I set up a small cluster. The master makes NFS shares available. For
normal operation of e.g. make on the NFS share, the time needs to
be very tightly synchronized.
I start timed as a master on the master PC and as a slave on each
(master) in /etc/rc.d/rc.local I added
/usr/sbin/timed -M -n cluster.priv -t
(slave) I created a script /etc/rc.d/init.d/timed which issues
daemon timed -t
and is called via appropriate symbolic links.
After periods of long operation of the master system (days or even
weeks), timed on master appears to go bonkers (a technical term). On
different occasions I observed the following phenomena:
(a) master system time slows down or even goes backwards (recently
a few days in just a few minutes),
(b) timed uses up a lot of processor time (50%) until it is killed, (happened
once -- this is how I figured out who may be the culprit),
(c) the system becomes unstable and requires reboot (always).
As for (c) above, different things are happening on different occasions:
(a) X started displaying something like a TV signal between the
stations -- like modulated white noise, I had to kill it, kill timed and
reboot (this was on the same occasion that timed was taking up 50%
(b) unrelated applications (e.g. F95 compiler) start behaving strangely,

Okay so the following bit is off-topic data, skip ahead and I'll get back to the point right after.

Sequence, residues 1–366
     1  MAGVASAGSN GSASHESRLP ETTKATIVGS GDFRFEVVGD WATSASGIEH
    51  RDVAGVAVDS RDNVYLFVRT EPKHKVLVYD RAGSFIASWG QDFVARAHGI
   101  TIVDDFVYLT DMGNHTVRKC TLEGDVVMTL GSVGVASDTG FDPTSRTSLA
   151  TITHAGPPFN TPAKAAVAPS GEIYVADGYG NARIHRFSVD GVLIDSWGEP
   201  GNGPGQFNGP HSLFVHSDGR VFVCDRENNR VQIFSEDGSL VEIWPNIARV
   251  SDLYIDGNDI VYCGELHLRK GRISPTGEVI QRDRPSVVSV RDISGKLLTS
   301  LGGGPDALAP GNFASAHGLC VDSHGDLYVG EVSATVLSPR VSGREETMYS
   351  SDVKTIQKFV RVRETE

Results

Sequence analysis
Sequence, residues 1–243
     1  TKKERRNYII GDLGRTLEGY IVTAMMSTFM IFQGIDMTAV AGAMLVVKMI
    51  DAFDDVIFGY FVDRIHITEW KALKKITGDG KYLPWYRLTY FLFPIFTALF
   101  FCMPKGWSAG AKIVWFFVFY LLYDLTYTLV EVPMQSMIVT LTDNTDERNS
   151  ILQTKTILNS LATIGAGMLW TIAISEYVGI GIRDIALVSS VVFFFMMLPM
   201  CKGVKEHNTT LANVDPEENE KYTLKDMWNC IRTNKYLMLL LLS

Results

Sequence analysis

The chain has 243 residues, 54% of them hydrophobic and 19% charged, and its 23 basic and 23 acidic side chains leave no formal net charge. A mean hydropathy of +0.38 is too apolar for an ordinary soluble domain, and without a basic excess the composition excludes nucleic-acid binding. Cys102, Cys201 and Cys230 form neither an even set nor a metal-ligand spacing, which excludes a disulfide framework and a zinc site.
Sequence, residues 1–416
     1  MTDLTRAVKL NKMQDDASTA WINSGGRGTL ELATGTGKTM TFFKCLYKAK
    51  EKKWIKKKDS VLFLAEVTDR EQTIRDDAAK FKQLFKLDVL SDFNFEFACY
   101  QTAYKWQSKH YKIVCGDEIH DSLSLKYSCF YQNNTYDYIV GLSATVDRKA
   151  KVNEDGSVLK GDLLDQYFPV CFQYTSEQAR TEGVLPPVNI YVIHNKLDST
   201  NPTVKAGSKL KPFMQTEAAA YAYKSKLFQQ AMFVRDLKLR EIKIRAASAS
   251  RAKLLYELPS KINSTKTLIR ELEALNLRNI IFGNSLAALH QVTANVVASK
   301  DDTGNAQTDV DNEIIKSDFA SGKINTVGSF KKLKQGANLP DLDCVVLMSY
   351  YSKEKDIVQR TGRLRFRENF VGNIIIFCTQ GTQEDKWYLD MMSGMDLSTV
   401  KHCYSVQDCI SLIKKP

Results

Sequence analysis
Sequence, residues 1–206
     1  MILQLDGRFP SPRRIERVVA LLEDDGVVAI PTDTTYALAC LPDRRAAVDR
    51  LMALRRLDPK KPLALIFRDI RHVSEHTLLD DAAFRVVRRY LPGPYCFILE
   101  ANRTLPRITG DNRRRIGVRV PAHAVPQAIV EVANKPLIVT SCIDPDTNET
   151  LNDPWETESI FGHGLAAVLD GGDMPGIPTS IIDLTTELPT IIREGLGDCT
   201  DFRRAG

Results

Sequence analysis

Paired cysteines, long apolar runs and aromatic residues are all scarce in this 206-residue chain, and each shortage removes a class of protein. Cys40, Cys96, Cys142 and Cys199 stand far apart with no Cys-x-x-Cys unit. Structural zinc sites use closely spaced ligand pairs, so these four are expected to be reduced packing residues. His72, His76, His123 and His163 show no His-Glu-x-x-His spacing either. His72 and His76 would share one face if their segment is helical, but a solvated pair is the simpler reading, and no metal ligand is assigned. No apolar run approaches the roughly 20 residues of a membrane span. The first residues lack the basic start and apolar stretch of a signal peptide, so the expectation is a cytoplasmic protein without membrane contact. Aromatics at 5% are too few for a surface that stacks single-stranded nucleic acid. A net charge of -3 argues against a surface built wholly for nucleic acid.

(c) other things which I can't recall now.
The problem *may* be related to manual or automatic adjustments of
time: once a day a cron process adjusts the time on the master
with an external clock (much more accurate):
/usr/bin/rdate -sp aurora
Here's a workaround for your timed problems:
Try using xntpd, it handles time warps much more gracefully than
The hardest part about xntp is choosing a server. See the url or
/usr/doc/xntp* for guidance there.
Then on the local server, you will need to do
chkdonfig --add xntpd
echo your_xntp_server > /etc/ntp/step-tickers
Add to /etc/ntp.conf
If you can, enable multicast by commenting out multicastclient and
adding broadcast as below:
#multicastclient # listen on default 126.96.36.199
broadcast 188.8.131.52 key 65535
On each client, then do
chkconfig --add xntpd
echo the_local_server > /etc/ntp/step-tickers
Restart the antpd daemons of local server and clients, wait 15
and look us "ntpq -p" to verify operation (an asterisk precedes the
server that is currently being used for synchronization).
If you do the above, all your clients will initially set the clock
from your_local_server using ntpdate, and then receive synchronization
from multicast packages.
This problem appears resolved. Please reopen if I'm wrong.